render(document.body, html`
  <ul>
    ${items.map(item => html.for(item)`
      <li>Keyed row with content: ${item.text}</li>
    `)}
  </ul>
`);
About data purity

In more than one occasion developers got bitten by the fact µhtml can produce some cryptic error when null, or empty content, is provided as interpolation/hole.

The problem is pretty simple:

  • don't loop / pass data that should not be render
  • sanitize data upfront instead of expecting this library to magically understand where, and how, such data should not be rendered

A basic example would be the following:

const dirtyData = [
  {name: 'first'},
  null,
  {name: 'second'}
];

render(document.body, html`
  <ul>
    ${dirtyData.map(item => {
      // ⚠ this should not happen in the first place!
      if (!item)
        return null;
      return html`<li>${item.name}</li>`;
    })}
  </ul>
`);

There are at least two workarounds to consider:

  • use data.filter(item => validate(item)).map(...)
  • returns an actual node:
  if (!item)
    return html`<!--ignore-->`;

Between these two workarounds, I believe the cleanest one is the former: sanitize data upfront!

The benefits are:

  • there are no unnecessary nodes in the DOM
  • there are no weird cases to consider
  • the mapping is pure, data in, node out
About Custom Elements

Custom Elements are either brought you, in a simplified manner, via µce (micro custom elements), which is a 3K library based on µhtml, or via vanilla JS, as demoed in WebComponents.dev.

Compatibility

This module works in IE11, Edge, and every other Desktop to Mobile browser, including KaiOS.


µhtml vs lighterhtml

You could read an exhaustive summary of features differences, but the first thing to keep in mind, is that lighterhtml is at pair with uhtml features, but not vice-versa, meaning if you need anything more, you can always switch to lighterhtml later on, and without changing a single line of code.

Following a list of other points to consider when choosing µhtml instead of lighterhtml (or vice-versa).

Differently from lighterhtml
  • there are no sparse attributes, each attribute must have a single interpolated value: attribute=${value} is OK, attribute="${a}${b}" is not, and attribute="some ${'partial'}" is not allowed neither.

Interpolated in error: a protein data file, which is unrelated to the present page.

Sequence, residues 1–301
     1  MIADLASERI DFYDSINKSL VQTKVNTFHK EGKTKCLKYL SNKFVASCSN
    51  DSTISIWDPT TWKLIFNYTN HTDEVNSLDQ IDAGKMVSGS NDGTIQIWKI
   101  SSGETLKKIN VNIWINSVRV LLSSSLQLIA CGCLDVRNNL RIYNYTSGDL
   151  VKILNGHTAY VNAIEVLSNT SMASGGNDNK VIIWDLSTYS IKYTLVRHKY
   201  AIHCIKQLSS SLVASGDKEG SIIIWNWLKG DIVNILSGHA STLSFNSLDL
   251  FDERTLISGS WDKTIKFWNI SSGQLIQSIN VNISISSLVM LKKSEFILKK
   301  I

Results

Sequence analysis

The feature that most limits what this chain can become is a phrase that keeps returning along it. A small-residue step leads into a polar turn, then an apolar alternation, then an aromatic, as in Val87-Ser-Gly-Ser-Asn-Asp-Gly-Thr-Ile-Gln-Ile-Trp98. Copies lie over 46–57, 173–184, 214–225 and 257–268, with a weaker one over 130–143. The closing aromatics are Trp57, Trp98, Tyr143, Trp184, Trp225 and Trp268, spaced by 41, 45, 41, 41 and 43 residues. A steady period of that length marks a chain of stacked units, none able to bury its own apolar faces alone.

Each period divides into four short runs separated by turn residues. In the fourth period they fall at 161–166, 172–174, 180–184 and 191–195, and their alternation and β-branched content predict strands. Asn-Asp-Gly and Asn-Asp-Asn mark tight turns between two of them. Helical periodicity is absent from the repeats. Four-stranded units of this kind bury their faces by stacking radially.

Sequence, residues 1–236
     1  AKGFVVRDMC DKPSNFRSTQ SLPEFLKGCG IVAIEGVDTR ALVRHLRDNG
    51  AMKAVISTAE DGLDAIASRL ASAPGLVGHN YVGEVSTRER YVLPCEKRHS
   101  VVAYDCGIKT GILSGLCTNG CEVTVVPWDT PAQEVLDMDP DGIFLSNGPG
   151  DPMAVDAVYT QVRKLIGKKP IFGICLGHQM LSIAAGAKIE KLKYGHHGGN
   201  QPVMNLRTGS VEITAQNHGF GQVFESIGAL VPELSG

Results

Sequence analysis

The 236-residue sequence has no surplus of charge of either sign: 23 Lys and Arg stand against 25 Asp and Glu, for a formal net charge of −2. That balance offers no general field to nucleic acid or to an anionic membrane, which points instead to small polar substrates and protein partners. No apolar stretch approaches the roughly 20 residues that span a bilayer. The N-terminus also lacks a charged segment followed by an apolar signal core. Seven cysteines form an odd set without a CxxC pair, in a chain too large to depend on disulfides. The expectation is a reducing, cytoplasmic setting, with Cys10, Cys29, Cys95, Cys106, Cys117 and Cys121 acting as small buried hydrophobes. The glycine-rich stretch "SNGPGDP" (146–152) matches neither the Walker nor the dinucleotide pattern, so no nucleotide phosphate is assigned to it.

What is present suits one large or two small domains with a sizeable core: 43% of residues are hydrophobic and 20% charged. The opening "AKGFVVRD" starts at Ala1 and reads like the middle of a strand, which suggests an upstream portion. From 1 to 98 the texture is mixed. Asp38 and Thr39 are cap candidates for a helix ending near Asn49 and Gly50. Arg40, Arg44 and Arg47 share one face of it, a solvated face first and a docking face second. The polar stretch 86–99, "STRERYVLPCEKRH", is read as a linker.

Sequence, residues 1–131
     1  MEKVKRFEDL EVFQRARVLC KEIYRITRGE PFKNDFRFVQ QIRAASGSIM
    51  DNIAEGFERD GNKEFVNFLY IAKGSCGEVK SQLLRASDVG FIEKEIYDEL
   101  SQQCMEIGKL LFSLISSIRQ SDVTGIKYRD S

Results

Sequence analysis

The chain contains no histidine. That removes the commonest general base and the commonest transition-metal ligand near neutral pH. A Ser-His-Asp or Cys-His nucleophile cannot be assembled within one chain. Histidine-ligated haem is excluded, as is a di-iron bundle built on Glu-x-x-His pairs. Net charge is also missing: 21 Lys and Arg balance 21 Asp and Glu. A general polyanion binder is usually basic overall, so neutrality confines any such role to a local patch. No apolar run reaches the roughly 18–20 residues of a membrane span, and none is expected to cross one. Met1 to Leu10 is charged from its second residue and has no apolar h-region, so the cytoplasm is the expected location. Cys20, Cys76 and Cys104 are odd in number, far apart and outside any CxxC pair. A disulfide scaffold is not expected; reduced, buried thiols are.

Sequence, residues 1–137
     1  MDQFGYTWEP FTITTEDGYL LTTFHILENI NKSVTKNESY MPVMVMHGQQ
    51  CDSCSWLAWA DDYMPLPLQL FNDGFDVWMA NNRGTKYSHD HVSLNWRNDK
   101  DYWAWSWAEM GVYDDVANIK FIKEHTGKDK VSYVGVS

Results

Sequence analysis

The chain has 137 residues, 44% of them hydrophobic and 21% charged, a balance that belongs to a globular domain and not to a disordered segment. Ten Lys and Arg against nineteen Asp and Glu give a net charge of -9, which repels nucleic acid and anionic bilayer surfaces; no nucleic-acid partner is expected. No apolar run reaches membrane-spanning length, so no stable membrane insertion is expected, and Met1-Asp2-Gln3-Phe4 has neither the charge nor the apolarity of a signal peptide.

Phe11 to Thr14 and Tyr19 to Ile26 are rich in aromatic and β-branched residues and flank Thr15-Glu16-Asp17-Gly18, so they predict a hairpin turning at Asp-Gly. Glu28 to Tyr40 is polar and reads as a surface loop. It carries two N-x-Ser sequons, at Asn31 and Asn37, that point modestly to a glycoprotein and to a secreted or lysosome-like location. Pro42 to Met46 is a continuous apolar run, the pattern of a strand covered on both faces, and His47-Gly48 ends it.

• the interpolations are simple: primitive, or array of primitives, and nodes, or array of nodes.
  • the style attribute is not special at all: if you want to pass objects there, please transform these as you prefer.
  • the domdiff has been replaced with udomdiff, with a new blazing fast and super small diffing algorithm written from scratch
  • the template argument is not normalized. If you target browsers with issue with such argument, please be sure you transpile your code with latest Babel before shipping to production
  • no domtagger whatsoever, you can't change the current behavior of the library in any way
Similarly or better than lighterhtml
  • uhtml should not suffer any of the IE11/Edge issues, or invalid SVG attributes warnings, as the parsing is done differently 🎉
  • nested html and svg are allowed like in lighterhtml. The version 0 of this library didn't allow that, hence it was more "surprise prone". uhtml in that sense is more like a drop-in replacement for lighterhtml, and vice-versa
  • keyed results via htmlfor(...) or svg.for(...), as well as one-off node creation, via html.node or svg.node are the same found in lighterhtml
  • both aria=${object}, and ref=${...} special attributes work same as lighterhtml
  • the .dataset=${object} helper work the same as lighterhtml
  • the .property=${...} direct setter is still available
  • self closing nodes are also supported, go wild with <custom-elements /> or even <span />
  • the wire parsing logic has been simplified even more, resulting in slightly better bootstrap and update performance
  • it's half of lighterhtml production size, mostly because ...
  • there are no 3rd parts dependencies, except for µparser, µdomdiff, and for @ungap/create-content, needed only for IE11, but removable via @ungap/degap, same way I've done it here, or babel-plugin-remove-ungap. The compressed final size difference is just around ~0.2K though.
µhtml library goals
  • be an essential/ideal companion for wickedElements, hookedElements, or any third part that would like a lighterhtml like API, without the extra weight
  • keep it as simple as possible, but not simpler
  • see if there is room for improvements in lighterhtml whenever uhtml simplifications allow to be ported there

V2 Breaking Change

The recently introduced data helper could conflict with some node such as <object>, hence it has been replaced by the .dataset utility. Since element.dataset = object is an invalid operation, the sugar to simplify data- attributes is now never ambiguous and future-proof: <element .dataset=${...} /> it is.